But this is what happens in a race like this when momentum starts – it becomes impossible to stop. It’s like sports that way. I’m a huge L.A. Kings fan, who was over the moon last June when I finally watched my team win the Stanley Cup. Now, were the Kings really the best team in the NHL last year? No. They barely made the freaking playoffs. But they got hot at the right time, were brimming with confidence, got some breaks along the way and were able to steam roll over the competition before anyone really realized what the hell had happened.  And that’s pretty much the story with Argo as well. It’s got hot at the right time, caught some breaks (as strange as it sounds, Argo may have had a harder time winning had Affleck actually been nominated), and is now steamrolling through the season with few people stopping to ask why.

Argo is a fine film. I view it as about equal to recent winners like The Artist The King’s Speech, Slumdog Millionaire and The Lord of the Rings: The Return of the King – a notch or two below The Hurt Locker, No Country for Old Men, The Departed and Million Dollar Baby, and several notches above Crash, Chicago, A Beautiful Mind and Gladiator. Among Oscar winners as a whole, I think Argo would rank somewhere in what I call the “Middle 40” ( I guess it more like 45 now) – not one of the 20 true masterworks that won the Best Picture Oscar, and not when the 20 embarrassments to win the prize. It will find its place among the films like Rain Man, Ordinary People, Rocky, American Beauty, Terms of Endearment, Kramer vs. Kramer, Marty, How Green Was My Valley, You Can’t Take it With You and yes, Driving Miss Daisy. All these films I find it impossible to call “bad” films – because they aren’t. They are all very, very good – some even near great. Some may even have ranked among my 10 best films of their respective years. But none are true masterpieces either.

For the record, I think if Lincoln wins, it would also rank among those “Middle 40” films – significantly higher among them, true, but still among them. If we truly must break into teams and all support a Best Picture nominee, I’d be on Team Amour (and then only because Team The Master didn’t make the “playoffs”).  So I have no real vested interest in who actually wins the Oscar this year. My film has no shot at winning – and neither do my two “alternate” choices – Zero Dark Thirty or Django Unchained.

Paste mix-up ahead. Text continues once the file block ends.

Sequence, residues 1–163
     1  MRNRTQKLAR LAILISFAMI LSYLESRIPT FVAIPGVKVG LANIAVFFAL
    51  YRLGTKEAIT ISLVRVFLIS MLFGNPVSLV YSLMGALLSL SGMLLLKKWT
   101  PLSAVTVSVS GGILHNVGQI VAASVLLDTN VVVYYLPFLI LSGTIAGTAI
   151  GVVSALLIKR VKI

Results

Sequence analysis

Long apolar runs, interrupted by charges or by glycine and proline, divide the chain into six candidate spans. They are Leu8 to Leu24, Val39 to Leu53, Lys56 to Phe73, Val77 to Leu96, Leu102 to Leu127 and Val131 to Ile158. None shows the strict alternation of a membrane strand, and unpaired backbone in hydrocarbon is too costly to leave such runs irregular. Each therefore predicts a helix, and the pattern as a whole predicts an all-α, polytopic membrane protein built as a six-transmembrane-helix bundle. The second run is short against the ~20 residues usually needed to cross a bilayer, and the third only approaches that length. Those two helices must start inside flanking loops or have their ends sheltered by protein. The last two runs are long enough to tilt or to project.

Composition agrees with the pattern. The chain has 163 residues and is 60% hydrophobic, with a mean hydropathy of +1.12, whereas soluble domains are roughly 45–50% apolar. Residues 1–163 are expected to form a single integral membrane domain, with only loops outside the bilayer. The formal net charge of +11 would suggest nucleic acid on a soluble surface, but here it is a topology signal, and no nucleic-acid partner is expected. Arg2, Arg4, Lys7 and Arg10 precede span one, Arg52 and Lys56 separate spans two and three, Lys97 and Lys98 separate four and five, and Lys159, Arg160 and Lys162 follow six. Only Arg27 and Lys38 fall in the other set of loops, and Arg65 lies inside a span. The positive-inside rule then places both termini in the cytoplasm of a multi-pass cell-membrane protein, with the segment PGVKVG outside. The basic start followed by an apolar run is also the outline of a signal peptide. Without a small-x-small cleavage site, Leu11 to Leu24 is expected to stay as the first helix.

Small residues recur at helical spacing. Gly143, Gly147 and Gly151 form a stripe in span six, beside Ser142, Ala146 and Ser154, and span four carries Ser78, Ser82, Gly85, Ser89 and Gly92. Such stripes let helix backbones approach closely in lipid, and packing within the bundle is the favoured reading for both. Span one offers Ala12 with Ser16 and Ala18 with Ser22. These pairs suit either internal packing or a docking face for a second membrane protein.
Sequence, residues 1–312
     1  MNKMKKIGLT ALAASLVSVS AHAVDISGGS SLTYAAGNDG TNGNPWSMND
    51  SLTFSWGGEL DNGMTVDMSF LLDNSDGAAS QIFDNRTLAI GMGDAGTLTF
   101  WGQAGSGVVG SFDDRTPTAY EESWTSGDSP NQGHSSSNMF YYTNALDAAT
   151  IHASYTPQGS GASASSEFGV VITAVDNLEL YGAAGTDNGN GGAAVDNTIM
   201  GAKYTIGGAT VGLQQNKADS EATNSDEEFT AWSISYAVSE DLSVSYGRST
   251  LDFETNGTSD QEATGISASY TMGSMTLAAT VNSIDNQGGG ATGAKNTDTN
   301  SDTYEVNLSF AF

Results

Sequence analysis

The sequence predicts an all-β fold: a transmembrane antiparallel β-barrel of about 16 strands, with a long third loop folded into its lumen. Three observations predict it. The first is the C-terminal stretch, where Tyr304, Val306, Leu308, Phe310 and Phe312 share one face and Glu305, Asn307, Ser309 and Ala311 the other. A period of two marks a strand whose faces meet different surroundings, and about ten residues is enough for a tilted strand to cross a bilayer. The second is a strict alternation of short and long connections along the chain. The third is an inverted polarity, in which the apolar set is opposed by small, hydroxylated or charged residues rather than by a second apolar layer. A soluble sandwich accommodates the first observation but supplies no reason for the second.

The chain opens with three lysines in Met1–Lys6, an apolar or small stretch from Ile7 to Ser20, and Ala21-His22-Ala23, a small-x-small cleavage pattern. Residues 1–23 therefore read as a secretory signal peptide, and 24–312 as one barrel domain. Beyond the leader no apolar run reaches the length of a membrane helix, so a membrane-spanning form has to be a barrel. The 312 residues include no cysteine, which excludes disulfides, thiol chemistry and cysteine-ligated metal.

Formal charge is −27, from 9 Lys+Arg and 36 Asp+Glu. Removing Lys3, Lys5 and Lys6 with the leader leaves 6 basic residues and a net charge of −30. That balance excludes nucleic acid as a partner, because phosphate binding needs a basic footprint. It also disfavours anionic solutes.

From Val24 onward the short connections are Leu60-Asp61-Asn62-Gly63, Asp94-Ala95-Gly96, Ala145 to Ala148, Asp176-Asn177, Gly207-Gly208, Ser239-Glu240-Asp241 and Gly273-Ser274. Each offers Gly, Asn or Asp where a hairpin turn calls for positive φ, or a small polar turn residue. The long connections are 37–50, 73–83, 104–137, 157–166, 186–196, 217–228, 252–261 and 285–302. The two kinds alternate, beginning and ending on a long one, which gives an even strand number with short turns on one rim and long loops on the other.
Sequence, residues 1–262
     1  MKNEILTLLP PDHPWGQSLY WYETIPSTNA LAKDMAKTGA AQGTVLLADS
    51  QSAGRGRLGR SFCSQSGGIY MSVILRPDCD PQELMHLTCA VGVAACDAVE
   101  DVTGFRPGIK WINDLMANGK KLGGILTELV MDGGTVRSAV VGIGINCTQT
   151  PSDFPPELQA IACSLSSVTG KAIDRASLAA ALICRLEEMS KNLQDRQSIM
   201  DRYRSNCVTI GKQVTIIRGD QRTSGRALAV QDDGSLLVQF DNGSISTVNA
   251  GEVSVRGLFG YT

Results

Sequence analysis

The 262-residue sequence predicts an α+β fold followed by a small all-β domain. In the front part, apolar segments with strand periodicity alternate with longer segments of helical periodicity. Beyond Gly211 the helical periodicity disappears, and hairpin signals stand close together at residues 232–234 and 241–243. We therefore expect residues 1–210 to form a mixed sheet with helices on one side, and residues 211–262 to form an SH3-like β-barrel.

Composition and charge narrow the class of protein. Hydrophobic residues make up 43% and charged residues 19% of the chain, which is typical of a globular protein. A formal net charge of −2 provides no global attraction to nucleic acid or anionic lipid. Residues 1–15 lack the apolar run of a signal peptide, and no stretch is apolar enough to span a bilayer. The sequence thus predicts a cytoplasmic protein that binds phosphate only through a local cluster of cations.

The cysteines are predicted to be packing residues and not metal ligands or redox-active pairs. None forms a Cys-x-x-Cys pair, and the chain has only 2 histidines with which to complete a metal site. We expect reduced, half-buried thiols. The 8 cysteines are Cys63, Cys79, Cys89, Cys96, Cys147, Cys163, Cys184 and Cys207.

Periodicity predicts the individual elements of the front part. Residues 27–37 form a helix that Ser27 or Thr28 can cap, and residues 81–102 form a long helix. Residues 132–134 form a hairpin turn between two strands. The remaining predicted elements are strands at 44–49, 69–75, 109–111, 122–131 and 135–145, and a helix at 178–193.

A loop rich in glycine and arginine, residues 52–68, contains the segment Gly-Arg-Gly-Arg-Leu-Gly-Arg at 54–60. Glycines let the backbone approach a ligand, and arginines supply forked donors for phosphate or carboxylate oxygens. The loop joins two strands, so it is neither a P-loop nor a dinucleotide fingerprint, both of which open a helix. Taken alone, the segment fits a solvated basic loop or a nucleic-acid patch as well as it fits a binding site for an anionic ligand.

But I do think that if Argo wins, it will be a curious decision on the part of the Academy – the strangest I can recall. I get why The Artist and The King’s Speech won, even if, like Argo, I think there are several superior choices to either. An Argo win would mystify me. It just makes absolutely no sense when you look back at Oscar history. But perhaps that is a good thing. Perhaps it signals the Academy willing to embrace the types of films they hadn’t in the past. It wasn’t that long ago that many thought that embracing The Departed and No Country for Old Men in back-to-back years (and after a year of a more typical winner, Slumdog Millionaire, going with The Hurt Locker) signaled the Academy willing to embrace darker, more daring films. The last two years (three, including this one, no matter what of Argo or Lincoln wins) seems to suggest otherwise – but Argo would at least be an out of left field choice for the Academy based on their history. I just wish the choice seem more organic on the Academy’s part – less like they were lemmings following everyone else. And perhaps that’s the best reason to hope for Lincoln to win on Oscar night. As traditional an Oscar film as it is, if the Academy embraces it, it will be a choice they made all on their own.

No comments:

Post a Comment